A Set of Andy Warhol's Polaroids, Revealed for the First Time
Not to make Warhol seem like a totally creepy dude. The subjects obviously trusted the artist and that connection comes through in their mostly uninhibited attitudes. They strike their best pose for the camera but the camera also seems to strip away their exterior image, exposing something more. The now-outdated white box framing the figures makes the portraits even more arresting and almost more engaging than today's digital ones.
Yet as the show's wall text suggests, Warhol would probably love Instagram. Today, users capture even the most fleeting moments of their lives, give them a cool filter and share with anyone from friends to a stranger browsing through a hashtag.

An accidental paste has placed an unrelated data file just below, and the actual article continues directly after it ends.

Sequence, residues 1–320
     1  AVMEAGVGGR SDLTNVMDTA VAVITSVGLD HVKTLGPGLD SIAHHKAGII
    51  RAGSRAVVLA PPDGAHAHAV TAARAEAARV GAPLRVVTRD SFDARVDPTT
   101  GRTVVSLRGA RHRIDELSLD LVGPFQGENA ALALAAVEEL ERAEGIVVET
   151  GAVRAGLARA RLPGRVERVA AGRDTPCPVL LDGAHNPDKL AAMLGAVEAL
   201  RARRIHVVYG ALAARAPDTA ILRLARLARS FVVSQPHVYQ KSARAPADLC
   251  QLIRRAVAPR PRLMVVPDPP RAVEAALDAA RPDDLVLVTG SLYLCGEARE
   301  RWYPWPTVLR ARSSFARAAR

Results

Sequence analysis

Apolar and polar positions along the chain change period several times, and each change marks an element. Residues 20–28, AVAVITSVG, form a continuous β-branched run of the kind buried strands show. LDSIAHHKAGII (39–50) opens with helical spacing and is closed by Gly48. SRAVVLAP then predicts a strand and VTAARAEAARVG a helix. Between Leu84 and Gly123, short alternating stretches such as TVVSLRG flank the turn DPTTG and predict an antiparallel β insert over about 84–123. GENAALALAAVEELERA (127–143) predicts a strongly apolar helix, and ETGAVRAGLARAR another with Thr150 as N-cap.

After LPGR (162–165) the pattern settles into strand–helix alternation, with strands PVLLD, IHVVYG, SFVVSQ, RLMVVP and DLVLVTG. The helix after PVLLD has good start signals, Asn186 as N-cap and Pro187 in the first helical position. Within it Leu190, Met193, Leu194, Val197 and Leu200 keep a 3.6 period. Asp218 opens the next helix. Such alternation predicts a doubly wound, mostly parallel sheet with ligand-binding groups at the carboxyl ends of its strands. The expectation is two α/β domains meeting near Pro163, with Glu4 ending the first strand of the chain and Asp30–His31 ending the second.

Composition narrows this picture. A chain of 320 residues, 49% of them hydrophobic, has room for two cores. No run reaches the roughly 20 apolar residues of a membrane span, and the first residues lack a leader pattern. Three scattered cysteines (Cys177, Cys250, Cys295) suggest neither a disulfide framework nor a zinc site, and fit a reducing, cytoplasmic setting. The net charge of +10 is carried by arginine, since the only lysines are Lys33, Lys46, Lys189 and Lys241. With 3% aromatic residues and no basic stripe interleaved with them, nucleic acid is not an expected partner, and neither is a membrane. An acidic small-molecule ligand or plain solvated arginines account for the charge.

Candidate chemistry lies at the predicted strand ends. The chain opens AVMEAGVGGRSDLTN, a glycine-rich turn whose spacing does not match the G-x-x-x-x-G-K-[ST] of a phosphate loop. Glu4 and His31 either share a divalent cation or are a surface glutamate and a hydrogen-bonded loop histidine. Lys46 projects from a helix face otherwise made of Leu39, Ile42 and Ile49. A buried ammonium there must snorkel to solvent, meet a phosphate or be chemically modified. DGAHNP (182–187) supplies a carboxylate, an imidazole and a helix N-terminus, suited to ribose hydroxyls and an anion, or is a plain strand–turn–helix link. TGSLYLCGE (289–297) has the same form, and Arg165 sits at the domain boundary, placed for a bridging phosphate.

Warhol no doubt would put his account to good use with stunning photos of himself, his parties and his art. The Polaroids, black and white prints and footage in "Faces and Names" only add to Warhol's legacy in Pop art. As visitors walked out that day, they left behind their own Polaroid photo likenesses for the next group of visitors to admire.
"Faces and Names" is on view through March 23 at The Luckman Gallery at The Harriet and Charles Luckman Fine Arts Complex, 5151 State University Drive, (323) 343-6611, luckmanarts.org.